Life during the pandemic: Panic shopping

Maria Cazacu

It was one of the most surreal moments of my life. Through the entire process of buying my essential products while waiting in line to pay, I observed people’s behavior and reactions to the entire situation. 

It all started with us sitting around the table in the common room of our dorm. My Danish mates were listening intensely to what the Danish Prime Minister had to say at a press conference late in the evening. With my Belgian and Romanian friend sitting next to me, we could only read their expressions and try to catch some familiar words from the Prime Ministers speech. Thirty minutes into the conference, one of my Danish friends broke the silence “so its official, Denmark’s schools and universities are closing as of tomorrow”, he said with a serious tone. 

We were all anticipating that sooner or later the pandemic would reach Denmark and that we would follow the phases that other countries before us have implemented. An hour after the Prime minister’s speech we decided that we should go do our grocery shopping just in case we would have to stay at home for a longer period. As we drove to the supermarket we saw car after car driving in the samedirection. My Danish and Romania friend in the front seat were joking about the fact that everyone was going to the same supermarket. Only when we parked the car and entered the supermarket did we realize how bad an idea this all was. 

As we grabbed a cart and started to walk towards the baked goods and the fruit and vegetable sections, to our horror and surprise the shelves were almost entirely empty. None of us was expecting to see such behavior in a Nordic country, mostly because we were all under the impression that people in the north were more informed and would not feel the need to stock up on produce because of how stable the system is. However, this ignorant impression is coming from someone who has only been living in Denmark for the past months.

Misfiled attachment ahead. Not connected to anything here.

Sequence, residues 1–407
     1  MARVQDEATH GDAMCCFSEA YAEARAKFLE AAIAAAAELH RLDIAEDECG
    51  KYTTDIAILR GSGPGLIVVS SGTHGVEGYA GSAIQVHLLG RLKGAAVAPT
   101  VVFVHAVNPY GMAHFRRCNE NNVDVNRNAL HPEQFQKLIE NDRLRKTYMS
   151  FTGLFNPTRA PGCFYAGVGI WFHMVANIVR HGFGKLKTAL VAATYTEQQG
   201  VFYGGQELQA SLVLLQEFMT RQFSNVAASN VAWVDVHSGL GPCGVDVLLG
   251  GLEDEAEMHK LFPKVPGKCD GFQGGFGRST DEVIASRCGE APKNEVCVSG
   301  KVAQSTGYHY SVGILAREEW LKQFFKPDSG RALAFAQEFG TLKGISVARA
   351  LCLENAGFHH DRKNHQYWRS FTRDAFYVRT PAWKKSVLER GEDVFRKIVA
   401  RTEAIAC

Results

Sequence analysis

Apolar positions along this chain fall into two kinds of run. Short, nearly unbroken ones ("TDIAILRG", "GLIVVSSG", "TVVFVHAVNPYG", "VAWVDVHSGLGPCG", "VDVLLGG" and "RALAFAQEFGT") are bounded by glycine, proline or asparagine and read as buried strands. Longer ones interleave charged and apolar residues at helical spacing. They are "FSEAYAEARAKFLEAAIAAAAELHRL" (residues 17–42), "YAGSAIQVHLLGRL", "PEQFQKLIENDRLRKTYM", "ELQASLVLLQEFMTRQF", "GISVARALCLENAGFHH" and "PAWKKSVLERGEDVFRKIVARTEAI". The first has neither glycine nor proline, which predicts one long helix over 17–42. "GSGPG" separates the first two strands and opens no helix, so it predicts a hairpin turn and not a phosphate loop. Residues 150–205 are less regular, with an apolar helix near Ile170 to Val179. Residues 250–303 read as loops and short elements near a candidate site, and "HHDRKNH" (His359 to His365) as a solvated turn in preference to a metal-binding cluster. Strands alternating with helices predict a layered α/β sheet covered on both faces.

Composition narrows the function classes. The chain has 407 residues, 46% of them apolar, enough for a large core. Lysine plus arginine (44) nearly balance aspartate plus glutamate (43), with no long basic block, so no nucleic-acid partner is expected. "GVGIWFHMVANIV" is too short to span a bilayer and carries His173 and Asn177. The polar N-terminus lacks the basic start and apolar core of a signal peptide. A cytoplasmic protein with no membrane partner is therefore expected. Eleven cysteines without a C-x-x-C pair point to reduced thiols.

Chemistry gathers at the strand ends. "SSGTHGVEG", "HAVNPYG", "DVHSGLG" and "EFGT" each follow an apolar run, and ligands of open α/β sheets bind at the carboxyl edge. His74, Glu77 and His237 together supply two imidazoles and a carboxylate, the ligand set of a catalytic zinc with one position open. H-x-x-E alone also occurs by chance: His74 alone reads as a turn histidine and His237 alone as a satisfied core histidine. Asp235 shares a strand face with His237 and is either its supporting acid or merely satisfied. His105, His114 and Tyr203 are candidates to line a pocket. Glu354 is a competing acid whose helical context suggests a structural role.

Since we were a group of four, we decided to split up, to get this over with as fast as possible. My Belgian friend and I stuck together and hoped to God we would find the essential products that we would need to survive, which mostly included bread, butter, milk and some fruit. As we made our way to the dairy section, there were masses of crowds clogging the area. I tried to slither through to get a cart of milk for me and my friend, as I tried to reach out to grab two carts, multiple hands came out of nowhere and grabbed 4-6 carts once at a time. My mind just went completely silent not knowing how to react to this chaotic scenario, where people were filled with anxiety and agitation. I guess even after seeing this behavior on the internet, you definitely do not expect to be the one experiencing it first-hand. For me, it was mainly because the people I lived with were not panicking but just concerned about the uncertain future. 

Do I know myself?

This was only the beginning. Multiple times, my friend and I were separated due to the massive cluster of people. Because of the fact that I am quite short, I didn’t really know in what direction I was going or how to escape the crowd. Apart from the essential products that people were hoarding, I observed something really strange. We have all seen the videos of people panic buying and stocking up on toilet paper. However, while I was going through the toiletry section to find some hand sanitizer, I saw people hoarding toothpaste. I just stood in my spot and observed how one person took 3-4 tubes of toothpaste and the person behind without seeming to really understand what they were doing they also grabbed 3-4 tubes, and so did the next person. To my utter shock, I thought to myself “if one person after another is stacking up on toothpaste, I probably don’t know how essential toothpaste is so I should grab some too”. With that in mind, I went ahead and grabbed two tubes. 

As I look back, I realize how not being informed and not being able to think straight because of the tense and agitated atmosphere you end up doing things a rational mind would not understand one bit. 

According to psychology professors, Peter Gray and David F. Bjorklund, “some traits that evolve because they served the needs of our ancestors are no longer functional today, yet they remain. These remnants of our past are called vestigial characteristics.” The professors refer to our primitive stage when our innate urge to survive was shown by us imitating each other. However, in these times of panic shopping, this innate urge to imitate each other is not needed, yet it is very much present in our subconscious.  

The whole reason to why this experience is weird is because when we decided to go shopping, it was out of a joke, nothing to be taken seriously. Although, as we entered the supermarket, the floods of people and the empty racks transformed our calmness to an alert behavior, which led to our judgment being clouded.

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